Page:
You can say Myles Garrett's talents are entirely God-given. You can believe his incredibly chiseled physique is purely genetic. You can assume that if anyone else was born Myles Garrett, they'd be in the exact same position he's in today.
Just don't tell that to anyone who's been with him since the beginning.
They know that before Myles Garrett was the first overall pick in the 2017 NFL Draft, he was an awkward 9th grader at Martin High School in Arlington, Texas. He wore glasses and often stumbled over his own massive feet. He was fairly tall—6-foot-2, to be exact—but his frame was skin and bones. His work ethic, admittedly, left something to be desired. It was only after a meeting shortly before his sophomore year that the Myles Garrett we know today began to form.
In addition to football, Garrett also played basketball and ran track at Martin. His football coaches had no problem with him playing multiple sports—in fact, they encouraged it. But the one thing they would not sacrifice is their player's presence in the weight room. "We were a big 6A school, we were in the highest classification in the state of Texas. But we took a small school approach to athletics. We wanted all our kids to play as many sports as they possibly could," says Anthony Gonzalez, Garrett's positional coach at Martin who's now the head football coach at Lovington High School (Lovington, New Mexico). "But one thing we were not going to sacrifice was that weight room. Going into his sophomore year, there were a couple days Myles didn't show up after school. Our head coach comes to me and says, 'where's this kid at?'"
Turns out that Myles was busy shooting hoops in the gym. Gonzalez—or "Coach Gonzo," as Garrett refers to him—had a conversation with Myles on the topic. While Myles began showing up to more workouts, he wasn't nearly as consistent as he needed to be. That's when Gonzalez decided to call Garrett's parents—Audrey and Lawrence—in for a meeting with himself, Myles and the team's head coach. To this day, Gonzalez believes it was Myles' "light bulb" moment.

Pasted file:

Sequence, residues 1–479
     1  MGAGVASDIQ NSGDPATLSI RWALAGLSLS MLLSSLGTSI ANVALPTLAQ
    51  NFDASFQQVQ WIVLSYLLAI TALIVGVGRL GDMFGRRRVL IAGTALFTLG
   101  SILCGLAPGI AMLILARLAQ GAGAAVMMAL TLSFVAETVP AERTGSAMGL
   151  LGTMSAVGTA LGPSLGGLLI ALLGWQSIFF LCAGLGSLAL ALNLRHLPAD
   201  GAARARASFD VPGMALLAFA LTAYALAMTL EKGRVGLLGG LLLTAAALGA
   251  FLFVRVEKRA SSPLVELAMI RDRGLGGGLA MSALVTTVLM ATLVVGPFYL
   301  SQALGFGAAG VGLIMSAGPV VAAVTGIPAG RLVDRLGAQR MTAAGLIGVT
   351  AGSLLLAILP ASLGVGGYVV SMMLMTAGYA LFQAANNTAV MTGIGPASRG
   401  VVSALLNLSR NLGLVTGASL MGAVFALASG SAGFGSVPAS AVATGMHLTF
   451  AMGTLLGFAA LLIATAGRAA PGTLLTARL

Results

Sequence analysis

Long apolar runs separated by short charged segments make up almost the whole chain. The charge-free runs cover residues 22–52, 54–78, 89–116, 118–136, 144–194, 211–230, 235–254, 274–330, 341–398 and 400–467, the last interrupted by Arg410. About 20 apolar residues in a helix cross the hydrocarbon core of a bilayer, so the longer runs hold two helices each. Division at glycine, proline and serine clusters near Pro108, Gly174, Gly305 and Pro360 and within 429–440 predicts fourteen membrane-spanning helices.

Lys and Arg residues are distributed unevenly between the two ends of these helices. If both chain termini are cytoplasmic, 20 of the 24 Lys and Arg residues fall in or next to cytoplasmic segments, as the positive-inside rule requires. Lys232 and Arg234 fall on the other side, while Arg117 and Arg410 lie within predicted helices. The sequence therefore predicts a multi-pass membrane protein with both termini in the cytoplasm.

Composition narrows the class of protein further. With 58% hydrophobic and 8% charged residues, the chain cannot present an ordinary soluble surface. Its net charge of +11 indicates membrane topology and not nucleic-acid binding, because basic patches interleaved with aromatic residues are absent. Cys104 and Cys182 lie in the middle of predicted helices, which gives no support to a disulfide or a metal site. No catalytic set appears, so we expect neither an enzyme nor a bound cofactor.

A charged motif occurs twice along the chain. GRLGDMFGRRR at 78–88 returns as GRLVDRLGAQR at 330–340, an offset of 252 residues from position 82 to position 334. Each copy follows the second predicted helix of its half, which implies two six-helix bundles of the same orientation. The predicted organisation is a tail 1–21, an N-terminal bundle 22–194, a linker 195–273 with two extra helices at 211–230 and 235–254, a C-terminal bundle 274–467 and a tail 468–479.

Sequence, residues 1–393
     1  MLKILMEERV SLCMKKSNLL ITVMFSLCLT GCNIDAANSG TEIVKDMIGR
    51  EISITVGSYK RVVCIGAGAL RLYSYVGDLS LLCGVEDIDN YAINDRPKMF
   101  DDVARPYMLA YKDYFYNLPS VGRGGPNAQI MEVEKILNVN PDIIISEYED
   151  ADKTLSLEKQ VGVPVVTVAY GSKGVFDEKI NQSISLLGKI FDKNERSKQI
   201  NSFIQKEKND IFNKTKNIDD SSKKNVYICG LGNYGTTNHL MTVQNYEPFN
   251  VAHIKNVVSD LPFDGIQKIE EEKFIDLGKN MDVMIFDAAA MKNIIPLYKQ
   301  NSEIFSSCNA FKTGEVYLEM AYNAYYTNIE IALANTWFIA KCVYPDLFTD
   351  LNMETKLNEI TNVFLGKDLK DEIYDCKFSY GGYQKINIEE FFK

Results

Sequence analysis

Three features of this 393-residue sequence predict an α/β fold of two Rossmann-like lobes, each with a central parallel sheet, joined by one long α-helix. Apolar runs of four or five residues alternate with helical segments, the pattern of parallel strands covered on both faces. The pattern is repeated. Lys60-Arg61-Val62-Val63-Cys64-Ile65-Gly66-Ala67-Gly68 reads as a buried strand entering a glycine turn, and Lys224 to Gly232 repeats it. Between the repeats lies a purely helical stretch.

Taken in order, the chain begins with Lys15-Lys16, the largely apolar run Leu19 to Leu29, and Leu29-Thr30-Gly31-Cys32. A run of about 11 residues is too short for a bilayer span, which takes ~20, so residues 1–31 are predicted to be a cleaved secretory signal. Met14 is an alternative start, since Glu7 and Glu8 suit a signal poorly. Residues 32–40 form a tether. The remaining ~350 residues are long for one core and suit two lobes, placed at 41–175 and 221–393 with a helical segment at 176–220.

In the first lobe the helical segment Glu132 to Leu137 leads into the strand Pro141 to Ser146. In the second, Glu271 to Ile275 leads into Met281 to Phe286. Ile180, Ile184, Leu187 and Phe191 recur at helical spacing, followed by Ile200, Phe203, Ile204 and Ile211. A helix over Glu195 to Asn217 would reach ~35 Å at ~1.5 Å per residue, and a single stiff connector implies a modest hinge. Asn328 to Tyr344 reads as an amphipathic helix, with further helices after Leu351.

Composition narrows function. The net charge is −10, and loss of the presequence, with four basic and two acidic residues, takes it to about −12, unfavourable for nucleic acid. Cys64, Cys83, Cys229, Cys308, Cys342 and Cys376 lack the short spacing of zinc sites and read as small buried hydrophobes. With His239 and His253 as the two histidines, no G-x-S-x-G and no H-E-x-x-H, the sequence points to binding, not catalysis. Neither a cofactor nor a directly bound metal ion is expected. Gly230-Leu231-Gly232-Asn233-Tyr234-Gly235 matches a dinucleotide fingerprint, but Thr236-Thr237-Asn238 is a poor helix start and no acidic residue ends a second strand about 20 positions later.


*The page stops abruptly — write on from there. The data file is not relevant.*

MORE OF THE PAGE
"His momma changed that kid's life that day. It still brings chills to my skin right now—I remember it like it was yesterday. She told him, 'listen, this isn't easy. What these coaches are asking isn't easy. But this is your decision. If this is what you want to be, what you want to do, then you're going to have to put the work in. It's not a sacrifice, it's a decision. You're telling me you want to go play college football and telling me you want to play in the NFL—then do it. You're not sacrificing anything for anybody, you're making your decision,'" Gonzalez says. "From then on out, he was a different kid."
Garrett's work ethic for his remaining days at Martin would become borderline mythical. Gonzalez—who also served as the school's strength and conditioning coach—would often find him in the weight room on three separate occasions during the same day. One in the morning during a weight training class that counted as a gym credit in the school's curriculum. Another immediately after school, right before he was about to head to track or basketball practice. Then at the end of the day—around 7 or 7:30—Gonzalez would come to lock up the weight room. There, with his headphones on and not a single light illuminated inside the facility, was Garrett sweating his way through his third session of the day.